Chances are, if you’ve gone through middle school, you know what it’s like to be insulted right to your face. But insults aren’t solely the work of a schoolyard bully—adults dole them out, too. You might deserve the next insult you get, or you might not. Either way, you have a few options on how to respond. You could brawl (but you shouldn’t). You could say nothing and stew about it (but you shouldn’t). Or you could remain calm, respond succinctly or with humor, take any possible lesson from it, and move on. Here’s how to respond to an insult in the moment.
Assess the insult
To start, think about what was just said to you. Is it possible it might be true? Are you being nosy, unproductive, rude, disrespectful, arrogant, or otherwise inappropriate? If there’s any truth to the dig, try to take some kind of constructive lesson from it, even if that information was delivered harshly. Taking negative feedback can be a positive thing—but it doesn’t mean you have to accept being spoken to disrespectfully. You can stand up for yourself and still retain some kind of insight from the encounter.
It’s also possible it might not be true. The other person might be having a bad day, or be armed inaccurate information. Take a few deep breaths. You don’t have to respond right away.
This advice comes from Dr. Neel Burton, a psychiatrist who recently authored a guide on dealing with insults “the stoic way.” There are benefits to stoicism and taking a beat before flying off the handle. For a refresher, check out our guide on staying calm during an argument.
How to respond to an insult if it’s true
Amy Pritchett, student success manager at language organization Preply, gave us some ideas about how to use your words to respond to an insult effectively.
“It can often seem the natural instinct when someone insults you is to fire back and give as good as you got. However, this can often lead to a tense situation that can escalate and become even more confrontational,” she said. “Is there an aspect of this situation you need to take accountability for? If so, you could say something like, ‘I am sorry I have made you feel this way, however…’ before continuing with your opinion.”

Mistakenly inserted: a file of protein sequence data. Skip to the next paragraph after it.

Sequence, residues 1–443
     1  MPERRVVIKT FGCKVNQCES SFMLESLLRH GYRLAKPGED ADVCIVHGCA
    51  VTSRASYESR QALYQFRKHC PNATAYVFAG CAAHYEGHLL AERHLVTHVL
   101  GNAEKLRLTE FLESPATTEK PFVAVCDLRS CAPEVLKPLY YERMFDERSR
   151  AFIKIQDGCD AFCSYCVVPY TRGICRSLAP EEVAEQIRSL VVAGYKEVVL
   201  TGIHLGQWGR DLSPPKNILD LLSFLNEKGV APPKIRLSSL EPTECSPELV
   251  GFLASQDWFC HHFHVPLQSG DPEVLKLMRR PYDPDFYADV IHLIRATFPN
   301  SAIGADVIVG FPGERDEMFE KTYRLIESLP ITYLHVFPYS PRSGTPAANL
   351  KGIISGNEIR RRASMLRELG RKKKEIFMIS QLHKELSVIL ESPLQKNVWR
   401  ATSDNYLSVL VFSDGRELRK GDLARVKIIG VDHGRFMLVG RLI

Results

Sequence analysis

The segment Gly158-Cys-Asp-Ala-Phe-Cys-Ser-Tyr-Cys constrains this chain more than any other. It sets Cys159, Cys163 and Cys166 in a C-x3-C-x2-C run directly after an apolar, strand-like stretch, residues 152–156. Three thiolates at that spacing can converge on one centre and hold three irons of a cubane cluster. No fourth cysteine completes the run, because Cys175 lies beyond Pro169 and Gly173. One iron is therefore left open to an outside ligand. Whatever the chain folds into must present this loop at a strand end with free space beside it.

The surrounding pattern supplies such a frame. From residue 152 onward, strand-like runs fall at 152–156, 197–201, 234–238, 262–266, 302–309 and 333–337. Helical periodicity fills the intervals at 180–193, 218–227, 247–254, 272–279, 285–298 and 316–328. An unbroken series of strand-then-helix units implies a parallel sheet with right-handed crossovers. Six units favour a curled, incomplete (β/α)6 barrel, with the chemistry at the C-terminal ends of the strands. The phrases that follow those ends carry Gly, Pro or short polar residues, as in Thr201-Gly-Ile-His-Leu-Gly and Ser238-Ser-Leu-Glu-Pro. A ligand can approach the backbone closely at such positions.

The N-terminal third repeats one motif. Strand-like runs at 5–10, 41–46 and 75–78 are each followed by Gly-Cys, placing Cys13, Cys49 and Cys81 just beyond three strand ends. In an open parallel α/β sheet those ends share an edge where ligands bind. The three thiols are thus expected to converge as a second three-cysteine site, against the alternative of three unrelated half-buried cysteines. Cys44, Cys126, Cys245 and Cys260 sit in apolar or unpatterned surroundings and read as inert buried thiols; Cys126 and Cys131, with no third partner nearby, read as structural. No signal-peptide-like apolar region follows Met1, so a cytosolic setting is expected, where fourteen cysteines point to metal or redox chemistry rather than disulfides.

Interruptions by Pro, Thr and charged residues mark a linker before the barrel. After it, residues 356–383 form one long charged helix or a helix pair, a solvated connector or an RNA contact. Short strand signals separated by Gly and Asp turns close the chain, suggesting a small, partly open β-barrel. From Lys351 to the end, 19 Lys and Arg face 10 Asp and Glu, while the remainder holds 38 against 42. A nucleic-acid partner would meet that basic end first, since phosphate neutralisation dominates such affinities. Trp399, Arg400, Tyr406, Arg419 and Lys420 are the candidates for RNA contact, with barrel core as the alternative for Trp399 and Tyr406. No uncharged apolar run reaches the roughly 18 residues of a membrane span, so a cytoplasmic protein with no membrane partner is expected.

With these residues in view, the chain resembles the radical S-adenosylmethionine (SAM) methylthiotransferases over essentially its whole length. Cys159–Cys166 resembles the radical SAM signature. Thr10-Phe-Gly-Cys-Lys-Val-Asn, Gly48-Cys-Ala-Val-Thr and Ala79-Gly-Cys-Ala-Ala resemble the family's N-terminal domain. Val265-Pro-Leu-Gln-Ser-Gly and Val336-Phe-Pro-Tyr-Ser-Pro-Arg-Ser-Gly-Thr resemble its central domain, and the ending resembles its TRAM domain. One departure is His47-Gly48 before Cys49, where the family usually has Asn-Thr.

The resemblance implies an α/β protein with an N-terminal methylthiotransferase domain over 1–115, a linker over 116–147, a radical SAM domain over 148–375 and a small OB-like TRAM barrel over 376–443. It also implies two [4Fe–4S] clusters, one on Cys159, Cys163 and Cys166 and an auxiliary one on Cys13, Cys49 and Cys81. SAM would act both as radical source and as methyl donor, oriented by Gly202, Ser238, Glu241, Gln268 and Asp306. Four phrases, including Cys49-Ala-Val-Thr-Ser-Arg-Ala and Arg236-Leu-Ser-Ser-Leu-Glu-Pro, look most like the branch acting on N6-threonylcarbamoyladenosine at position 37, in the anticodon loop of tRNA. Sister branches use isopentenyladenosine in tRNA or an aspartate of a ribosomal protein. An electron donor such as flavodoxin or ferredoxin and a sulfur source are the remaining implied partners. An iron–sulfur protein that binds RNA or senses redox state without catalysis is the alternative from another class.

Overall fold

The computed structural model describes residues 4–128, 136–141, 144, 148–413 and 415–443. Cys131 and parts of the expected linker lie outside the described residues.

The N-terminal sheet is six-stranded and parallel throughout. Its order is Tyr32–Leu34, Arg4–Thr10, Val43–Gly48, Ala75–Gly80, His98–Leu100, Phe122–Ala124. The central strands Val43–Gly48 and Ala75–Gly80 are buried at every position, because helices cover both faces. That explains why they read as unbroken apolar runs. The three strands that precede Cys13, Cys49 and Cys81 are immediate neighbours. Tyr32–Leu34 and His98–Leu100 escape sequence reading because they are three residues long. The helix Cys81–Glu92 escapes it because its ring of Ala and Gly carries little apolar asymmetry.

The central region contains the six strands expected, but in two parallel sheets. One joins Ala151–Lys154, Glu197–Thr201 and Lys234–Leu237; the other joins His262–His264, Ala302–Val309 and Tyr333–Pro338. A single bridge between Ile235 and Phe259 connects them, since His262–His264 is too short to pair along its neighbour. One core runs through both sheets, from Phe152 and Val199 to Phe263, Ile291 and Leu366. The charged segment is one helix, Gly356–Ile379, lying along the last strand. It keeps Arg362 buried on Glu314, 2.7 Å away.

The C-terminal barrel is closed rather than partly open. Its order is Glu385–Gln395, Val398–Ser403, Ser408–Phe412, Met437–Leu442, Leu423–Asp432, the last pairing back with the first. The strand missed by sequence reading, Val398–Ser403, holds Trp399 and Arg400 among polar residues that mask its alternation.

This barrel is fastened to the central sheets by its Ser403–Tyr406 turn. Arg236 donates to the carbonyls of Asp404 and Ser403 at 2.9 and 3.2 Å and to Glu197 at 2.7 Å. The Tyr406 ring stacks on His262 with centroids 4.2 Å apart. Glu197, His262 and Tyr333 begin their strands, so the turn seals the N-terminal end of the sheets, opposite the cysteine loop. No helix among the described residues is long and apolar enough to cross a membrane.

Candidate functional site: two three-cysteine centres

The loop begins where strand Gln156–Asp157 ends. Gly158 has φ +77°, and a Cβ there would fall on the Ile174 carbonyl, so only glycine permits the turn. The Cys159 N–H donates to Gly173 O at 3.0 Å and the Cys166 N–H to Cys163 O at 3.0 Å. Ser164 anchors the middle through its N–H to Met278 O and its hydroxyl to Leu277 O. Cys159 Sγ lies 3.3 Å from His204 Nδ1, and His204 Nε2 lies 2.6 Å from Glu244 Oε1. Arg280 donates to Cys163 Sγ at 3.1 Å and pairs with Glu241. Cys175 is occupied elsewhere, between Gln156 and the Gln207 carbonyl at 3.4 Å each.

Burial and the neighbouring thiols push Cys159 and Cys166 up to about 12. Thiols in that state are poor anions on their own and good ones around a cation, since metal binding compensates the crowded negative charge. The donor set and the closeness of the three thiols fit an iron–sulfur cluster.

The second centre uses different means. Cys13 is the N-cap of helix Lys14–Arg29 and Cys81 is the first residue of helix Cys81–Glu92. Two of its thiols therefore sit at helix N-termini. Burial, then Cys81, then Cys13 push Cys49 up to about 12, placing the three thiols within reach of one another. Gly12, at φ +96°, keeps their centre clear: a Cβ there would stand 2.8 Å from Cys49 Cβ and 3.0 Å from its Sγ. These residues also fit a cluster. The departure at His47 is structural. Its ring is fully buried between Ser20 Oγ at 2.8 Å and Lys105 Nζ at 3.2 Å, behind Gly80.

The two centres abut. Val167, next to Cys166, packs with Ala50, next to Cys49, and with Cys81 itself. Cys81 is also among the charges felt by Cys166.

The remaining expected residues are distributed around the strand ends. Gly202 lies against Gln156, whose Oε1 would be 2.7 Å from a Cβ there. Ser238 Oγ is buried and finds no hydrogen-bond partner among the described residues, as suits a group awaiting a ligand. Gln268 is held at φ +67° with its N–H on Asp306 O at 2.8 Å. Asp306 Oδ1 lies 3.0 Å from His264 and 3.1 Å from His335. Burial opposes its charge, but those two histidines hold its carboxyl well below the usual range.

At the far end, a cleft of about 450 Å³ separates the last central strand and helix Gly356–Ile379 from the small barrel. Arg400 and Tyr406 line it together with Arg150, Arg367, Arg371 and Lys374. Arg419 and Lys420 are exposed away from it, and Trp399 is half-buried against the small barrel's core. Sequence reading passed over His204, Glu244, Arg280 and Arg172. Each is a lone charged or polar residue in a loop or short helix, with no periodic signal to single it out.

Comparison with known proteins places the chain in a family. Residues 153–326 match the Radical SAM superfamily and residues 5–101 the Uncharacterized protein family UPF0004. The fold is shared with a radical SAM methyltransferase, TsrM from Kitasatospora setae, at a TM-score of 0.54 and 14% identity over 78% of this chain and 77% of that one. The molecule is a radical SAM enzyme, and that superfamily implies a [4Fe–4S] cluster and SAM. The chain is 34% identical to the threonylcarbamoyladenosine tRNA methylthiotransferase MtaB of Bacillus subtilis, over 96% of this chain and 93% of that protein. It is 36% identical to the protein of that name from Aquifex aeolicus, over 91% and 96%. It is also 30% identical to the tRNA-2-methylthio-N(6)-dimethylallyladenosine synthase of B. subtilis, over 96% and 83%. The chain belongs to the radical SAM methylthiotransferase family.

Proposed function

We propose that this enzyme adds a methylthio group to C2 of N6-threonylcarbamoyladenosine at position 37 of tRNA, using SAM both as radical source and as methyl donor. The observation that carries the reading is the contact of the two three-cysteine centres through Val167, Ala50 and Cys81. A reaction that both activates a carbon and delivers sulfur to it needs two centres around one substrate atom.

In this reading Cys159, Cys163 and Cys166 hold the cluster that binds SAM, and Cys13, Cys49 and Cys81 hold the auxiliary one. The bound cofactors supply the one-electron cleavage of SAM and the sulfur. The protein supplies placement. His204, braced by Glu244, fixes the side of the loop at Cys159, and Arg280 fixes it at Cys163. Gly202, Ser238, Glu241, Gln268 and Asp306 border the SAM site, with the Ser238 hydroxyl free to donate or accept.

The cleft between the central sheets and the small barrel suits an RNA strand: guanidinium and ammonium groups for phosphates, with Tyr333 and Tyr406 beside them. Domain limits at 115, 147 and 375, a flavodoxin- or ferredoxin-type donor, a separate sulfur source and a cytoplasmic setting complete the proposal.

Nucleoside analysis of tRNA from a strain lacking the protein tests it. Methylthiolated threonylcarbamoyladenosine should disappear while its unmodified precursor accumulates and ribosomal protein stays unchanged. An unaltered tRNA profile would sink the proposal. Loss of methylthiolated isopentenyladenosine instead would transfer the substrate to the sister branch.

Be clear and direct with your response. Do not stoop to hurling an insult back. Defend yourself if there’s anything to defend, own up to any mistakes if there are any to own up to, and make it clear you do not tolerate being spoken to with derision. For example: “I’m sorry you don’t like the work I produced. I will take your feedback into account for my next round of edits. However, I’d appreciate if it you were more respectful when we’re working on these things, so we can both do our best work here.”
How to respond if the insult is totally unprovoked
In the event an insult comes out of nowhere, Pritchett said, there may be “no point fighting the fire.” Instead, just acknowledge their opinion while keeping in mind that it’s not a fact, then “communicate in a clear and calm manner what are the next steps to resolve this confrontation.” Don’t use explicit or aggressive language, she cautioned, and deliver your response in a calm tone.
If the insult really does come out of left field and takes you by surprise, and if you like the person who said it—or at least will have to continue being around them—try to get to the bottom of why they lashed out. If it feels safe and appropriate to do so, ask them if they have a deeper issue they’d like to work through or if they’re going through something they need to talk about.
If it comes from a stranger, though, you can and should just walk away. Their opinion does not matter.
Try humor, if you can
Finally, you can try to deescalate the situation a little bit with humor. If someone has stooped to dogging you right to your face, the situation is probably a little tense. If it’s appropriate and feels safe to do so, go for a joke. Here’s what Burton recommends:
Gentle humour can be an effective response to an insult, and this for three main reasons: it undercuts the insulter and his or her insult, it brings any third parties on side, and it diffuses the tension of the situation. A similar strategy is to run with the insult and even add to it, in the genre, “Ah, if you knew me better, you would find greater fault still!”